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2011 GGNRA Draft General Management Plan Comment
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The 2011 GGNRA Draft General Management Plan

The DGMP/EIS will be available for comment until December 9, 2011. This new proposal intends to treat this National Recreation Area as if it were a National Park, with restrictions similar to Yosemite or Yellowstone. It is extremely important for us to comment and raise our objections to this wholesale perversion of our Recreation Area.

You may provide comments using one of the following methods:

  • Comment online at the GGNRA DGMP Web Comment Page
  • Submit a written comment in person or by mail to:
    Superintendent
    Golden Gate National Recreation Area
    Attn: Draft GMP/EIS
    Building 201, Fort Mason, San Francisco, CA 94123

We have posted a suggested comment below, which you may utilize in any way you see fit.

We also believe it is extremely important to contact our Federal elected representatives and San Francisco Supervisors to let them know that this Draft General Management Plan is unacceptable and unlawful. We must demand oversight! Left to their own designs, the GGNRA is sure to ignore the public comment opposing their DGMP and proceed as planned. Please refer to our Gov't contacts web page for a list of elected officials and their contact information.


Comment on the GGNRA Draft Management Plan/EIS

One need read no further than the introductory section entitled "Foundation Statements and Guiding Principles" (subheading "Park Purpose") to conclude this Draft General Management Plan (DGMP) is unlawful and fraudulent. The statement in question reads as follows: "The purpose of the Golden Gate National Recreation Area is to offer National Park experiences to a large and diverse urban population while preserving and interpreting the park's outstanding natural, historic, scenic, and recreational values."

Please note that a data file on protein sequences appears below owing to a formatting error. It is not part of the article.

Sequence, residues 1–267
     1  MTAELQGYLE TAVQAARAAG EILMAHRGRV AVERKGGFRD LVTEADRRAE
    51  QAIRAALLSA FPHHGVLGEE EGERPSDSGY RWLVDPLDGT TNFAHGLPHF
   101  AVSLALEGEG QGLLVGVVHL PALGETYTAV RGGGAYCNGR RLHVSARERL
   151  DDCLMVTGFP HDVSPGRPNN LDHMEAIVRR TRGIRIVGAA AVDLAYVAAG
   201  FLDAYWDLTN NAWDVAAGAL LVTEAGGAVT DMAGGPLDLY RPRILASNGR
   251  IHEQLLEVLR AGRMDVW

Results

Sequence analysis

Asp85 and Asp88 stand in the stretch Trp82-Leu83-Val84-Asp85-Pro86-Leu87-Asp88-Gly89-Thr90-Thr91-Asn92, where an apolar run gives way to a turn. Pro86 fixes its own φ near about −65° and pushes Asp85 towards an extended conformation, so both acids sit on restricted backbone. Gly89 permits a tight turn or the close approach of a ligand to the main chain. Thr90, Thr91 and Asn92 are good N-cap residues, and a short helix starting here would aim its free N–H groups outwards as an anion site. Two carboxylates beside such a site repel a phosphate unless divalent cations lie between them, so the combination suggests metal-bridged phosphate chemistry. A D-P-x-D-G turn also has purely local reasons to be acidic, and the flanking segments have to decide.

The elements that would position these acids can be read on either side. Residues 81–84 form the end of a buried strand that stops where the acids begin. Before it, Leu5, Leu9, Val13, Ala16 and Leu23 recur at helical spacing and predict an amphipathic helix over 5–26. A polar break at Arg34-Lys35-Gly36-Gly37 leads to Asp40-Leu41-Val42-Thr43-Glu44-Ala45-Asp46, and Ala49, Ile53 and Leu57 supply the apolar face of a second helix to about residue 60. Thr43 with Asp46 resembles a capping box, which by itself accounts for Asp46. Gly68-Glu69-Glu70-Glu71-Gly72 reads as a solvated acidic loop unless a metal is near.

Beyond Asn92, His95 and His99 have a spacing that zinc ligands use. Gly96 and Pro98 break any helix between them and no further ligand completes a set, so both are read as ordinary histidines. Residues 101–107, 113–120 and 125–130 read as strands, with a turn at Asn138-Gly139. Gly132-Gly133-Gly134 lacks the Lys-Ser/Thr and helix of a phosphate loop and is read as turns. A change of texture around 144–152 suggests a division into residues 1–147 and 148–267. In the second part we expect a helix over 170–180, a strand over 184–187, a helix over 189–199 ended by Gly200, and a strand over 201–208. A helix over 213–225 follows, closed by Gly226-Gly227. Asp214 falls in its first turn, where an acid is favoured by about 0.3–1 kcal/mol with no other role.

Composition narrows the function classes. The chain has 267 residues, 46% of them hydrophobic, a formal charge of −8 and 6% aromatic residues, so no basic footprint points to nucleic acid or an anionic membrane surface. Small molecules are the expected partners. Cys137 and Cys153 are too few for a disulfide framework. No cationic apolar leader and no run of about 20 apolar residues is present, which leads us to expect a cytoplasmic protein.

Congress established the GGNRA as a National Recreation Area, NOT a National Park. History tells us the GGNRA was never created with the intent to offer the traditional National Park experience. In fact, the enabling legislation for the GGNRA included several specific and unique provisions deliberately intended to differentiate this National Recreation Area from the traditional National Park.

Congress established the GGNRA on October 27, 1972 "to preserve for public use and enjoyment certain areas of Marin and San Francisco Counties, California possessing outstanding natural, historic, scenic, and recreational values." (16 USC 460bb.) In addition to this generic statement of purpose appearing in most national park statutes, Congress included two "specific provisions" unique to the GGNRA.

The first provision states the park was established "to provide for the maintenance of needed recreational open space necessary to urban environment and planning." The only other park with this requirement is the Cuyahoga National Recreation Area, established after the GGNRA.

Second, the GGNRA statute imposes a unique limitation on NPS's discretionary power for "management of the recreation area": the "Secretary of Interior.. shall utilize the resources in a manner which will provide for recreation and educational opportunities consistent with sound principles of land use planning and management." Significantly, the Sleeping Bear Dunes National Lakeshore in Michigan (16 USC 460x) is the only other park that contains the "sound principles of land use planning" language.

For the GGNRA/NPS to refer only to the generic National Park language and ignore the provisions specific to the GGNRA's enabling legislation in their current Statement of Purpose is not only disingenuous, but counter to established law. "It is a well-recognized principle of statutory construction that contemporaneous interpretations of dated legislation are ordinarily given considerable deference when its meaning is later questioned." (National Rifle Association of America v. Potter 628 F. Supp. 903, 911 (D.C. Dist. Col. 1986).)